25 May 2023
The Rhino Charge event is a Kenyan institution and a book has just been published to celebrate its 30th anniversary
I’ve been fortunate enough to cover some pretty hefty off-road events such as the Land Rover G4 Challenge and the Dakar Rally. While in Africa I have covered biggies such as Botswana’s Desert 1000 race and Zambia’s Elephant Charge. However, if you ask which 4x4 or off-road event in the world would I most like to cover before I die, then it has to be Kenya’s Rhino Charge.
The next best thing to physically being there is to read Gavin Bennett’s book, The Rhino Charge, which was first published in 2018 to celebrate 30 years of the charge. Gavin calls it, ‘the story of the brawny, the brainy and the bewildered’. I concur, but call it just plain bonkers. Who drives in a straight line between various GPS coordinates along some of the roughest and most challenging tracks in the Kenyan bush? I would say people with a proper sense of adventure who care about East African wildlife.
A maximum of six people per team
The Rhino Charge is held to raise much-needed funds for the Rhino Ark Charitable Trust – its aim is to fence Kenya’s precious mountain forests to protect them from poachers. The book is a must-have for any fan of off-roading, but also for someone who cares about the welfare of the planet.
It’s a large coffee table book with lots of incredible images taken throughout the years, so if your Land Rover mates are visiting then be sure to put the book where they can give it a good old browse. I love the old black and white images at the start.
Sometimes competitors have to think outside of the cab
Despite the fact that competitors could use any type of vehicle for the event, hundreds have chosen a Land Rover, from the Series variety up to rare and now sought-after two-door classic Range Rovers. The upside of this is that the book is full of great images of Land Rovers for you to enjoy.
Navigators plot the route while runners show the way
During the early brainstorming sessions of the Rhino Charge committee, one of the proposals was to drive up the side of Mount Kenya, which peaks at a height of 5199 metres. The rules were simple: start at the bottom at dawn (no powered winches allowed) and see how high you could drive up before noon. Fortunately, sanity prevailed and this never happened, but the seeds had been planted for an off-road event with a difference. The first Rhino Charge kicked off at ‘8.00am on 4 February 1989. The entry fee was $2. Minimum sponsorship was $10. Controls could be branded for $100’. Today the smallest minimum sponsorship is £2000 while the top tier teams pledge to raise 1.5 million Kenyan shillings, which is around £10,000. Expect to pay £400 entry per car today. Things have changed somewhat in 30 years.
Extreme gear for extreme tracks
It is not only the fees and amounts raised that have changed. Judging by the book, the biggest changes have been to the cars. If you look at those early events the vehicles were fairly standard. You would see the same vehicles working on the farm or in game parks after the event. Not so anymore. Today they are extremely modified though there is an unmodified class, too.
As slow as possible, as short as necessary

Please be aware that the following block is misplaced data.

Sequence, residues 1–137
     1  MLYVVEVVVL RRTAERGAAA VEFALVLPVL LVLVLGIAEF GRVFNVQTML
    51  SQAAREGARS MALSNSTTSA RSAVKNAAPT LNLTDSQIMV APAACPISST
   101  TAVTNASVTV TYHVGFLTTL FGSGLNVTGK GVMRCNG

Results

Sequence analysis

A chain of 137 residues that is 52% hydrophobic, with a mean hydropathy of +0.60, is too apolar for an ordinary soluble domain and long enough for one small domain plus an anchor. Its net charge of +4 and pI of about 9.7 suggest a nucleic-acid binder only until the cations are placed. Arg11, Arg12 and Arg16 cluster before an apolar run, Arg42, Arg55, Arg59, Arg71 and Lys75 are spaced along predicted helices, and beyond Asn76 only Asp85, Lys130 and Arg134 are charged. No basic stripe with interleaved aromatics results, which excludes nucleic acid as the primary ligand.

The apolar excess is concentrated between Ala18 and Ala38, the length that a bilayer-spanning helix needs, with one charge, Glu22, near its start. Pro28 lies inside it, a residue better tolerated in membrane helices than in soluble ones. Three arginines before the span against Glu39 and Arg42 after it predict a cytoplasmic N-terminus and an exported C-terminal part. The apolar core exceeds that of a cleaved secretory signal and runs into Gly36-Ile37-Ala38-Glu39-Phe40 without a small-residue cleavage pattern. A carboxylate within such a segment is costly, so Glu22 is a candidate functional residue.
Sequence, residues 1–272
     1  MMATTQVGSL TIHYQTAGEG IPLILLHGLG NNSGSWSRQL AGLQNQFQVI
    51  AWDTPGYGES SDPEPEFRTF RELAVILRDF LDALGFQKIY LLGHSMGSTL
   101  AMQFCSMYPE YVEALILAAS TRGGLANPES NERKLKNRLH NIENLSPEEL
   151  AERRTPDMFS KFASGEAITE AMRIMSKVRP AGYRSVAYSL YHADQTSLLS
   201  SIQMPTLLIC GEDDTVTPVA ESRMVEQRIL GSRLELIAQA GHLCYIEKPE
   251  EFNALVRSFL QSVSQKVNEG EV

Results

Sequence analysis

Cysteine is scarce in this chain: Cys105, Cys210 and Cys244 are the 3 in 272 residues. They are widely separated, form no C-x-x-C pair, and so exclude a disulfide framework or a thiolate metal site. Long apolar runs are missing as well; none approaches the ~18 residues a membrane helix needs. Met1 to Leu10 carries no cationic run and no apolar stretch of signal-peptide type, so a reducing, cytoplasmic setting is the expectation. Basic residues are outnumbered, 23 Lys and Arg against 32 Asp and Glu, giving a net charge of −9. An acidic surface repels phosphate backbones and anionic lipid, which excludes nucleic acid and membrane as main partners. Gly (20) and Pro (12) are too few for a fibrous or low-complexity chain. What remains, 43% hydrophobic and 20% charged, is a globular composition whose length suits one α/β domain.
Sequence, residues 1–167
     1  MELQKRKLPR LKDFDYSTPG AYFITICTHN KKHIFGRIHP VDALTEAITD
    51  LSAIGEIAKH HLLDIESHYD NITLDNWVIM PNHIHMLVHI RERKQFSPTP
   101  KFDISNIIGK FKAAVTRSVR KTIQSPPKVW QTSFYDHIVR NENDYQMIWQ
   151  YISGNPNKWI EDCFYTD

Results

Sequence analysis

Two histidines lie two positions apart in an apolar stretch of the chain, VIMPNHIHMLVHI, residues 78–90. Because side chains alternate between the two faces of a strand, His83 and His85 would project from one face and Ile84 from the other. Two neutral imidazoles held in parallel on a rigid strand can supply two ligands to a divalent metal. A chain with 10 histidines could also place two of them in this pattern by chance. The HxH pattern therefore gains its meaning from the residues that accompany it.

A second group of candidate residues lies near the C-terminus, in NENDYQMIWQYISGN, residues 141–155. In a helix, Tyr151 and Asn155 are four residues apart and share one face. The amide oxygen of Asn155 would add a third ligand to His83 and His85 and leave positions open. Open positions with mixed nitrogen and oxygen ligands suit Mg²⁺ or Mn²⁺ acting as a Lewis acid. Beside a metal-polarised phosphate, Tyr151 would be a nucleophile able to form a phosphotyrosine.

The author most certainly has some interesting things to say about Land Rovers. ‘No long [I think he means LWB] Land Rover has ever won the Rhino Charge, or even looked remotely likely to do so. Everyone loves Land Rovers for reasons other than their technical excellence, but their slogan The Best 4x4 by Far does beg the question, best at what? Perhaps the best thing about the basic Land Rover design and build is the amount of room it left for improvement, which inspired and did more to encourage than daunt global interest in rival 4WDs that are now so good and so prolific. In the 1970s and ever since, other manufacturers (especially the Japanese) recognised that Solihull had a good idea, and proceeded to turn it into a proper motor vehicle’. Bennett definitely doesn’t mince his words.
Toyota LandCruisers would go on to dominate the event, although the 3.5-litre Range Rover Classic quickly became a popular choice, too.
Crowds normally gather at the most extreme sections
The book highlights the incredible growth of the event over the years, from a handful of people at the first one to 65 teams and thousands of supporters at the latest.
The legendary car number 9
Chapter 13 is a tribute to the early pioneers of Rhino Charge and their core supporting cast. I just love the tribute and thanks to the UK’s John Bowden of Gumtree 4x4. It reads: ‘Lifelong Kenyaphile won the first UK Rhino Charge in ’97 – the prize was use of a KVM vehicle for the real thing in Kenya. Had so much fun he then imported his self-built V8 Land Rover hybrid and RC’s Car 9 legend began. Now runs UK Charge and is a Rhino Ark Trustee’. John has inspired several people from the UK to go over and try the event for themselves, and he’s raised thousands of pounds for this noteworthy cause.
If you love the African bush, off-roading and support conservation, then this is the book for you. Whenever I miss Africa, I flick through my copy of The Rhino Charge and the craziness of Africa depicted in its pages warms my heart. Hopefully, one day, I’ll get to experience the Charge for myself.
Buy the book
Copies are available post-free for £35. Cheques made payable to Rhino Ark UK and sent to Acorn Wood, Swan Lane, Edenbridge, Kent, TN8 7AH or £35 donation to Rhino Ark UK through the JustGiving website. Or call Kit Karberry on 07802 245865 for bank transfer details.
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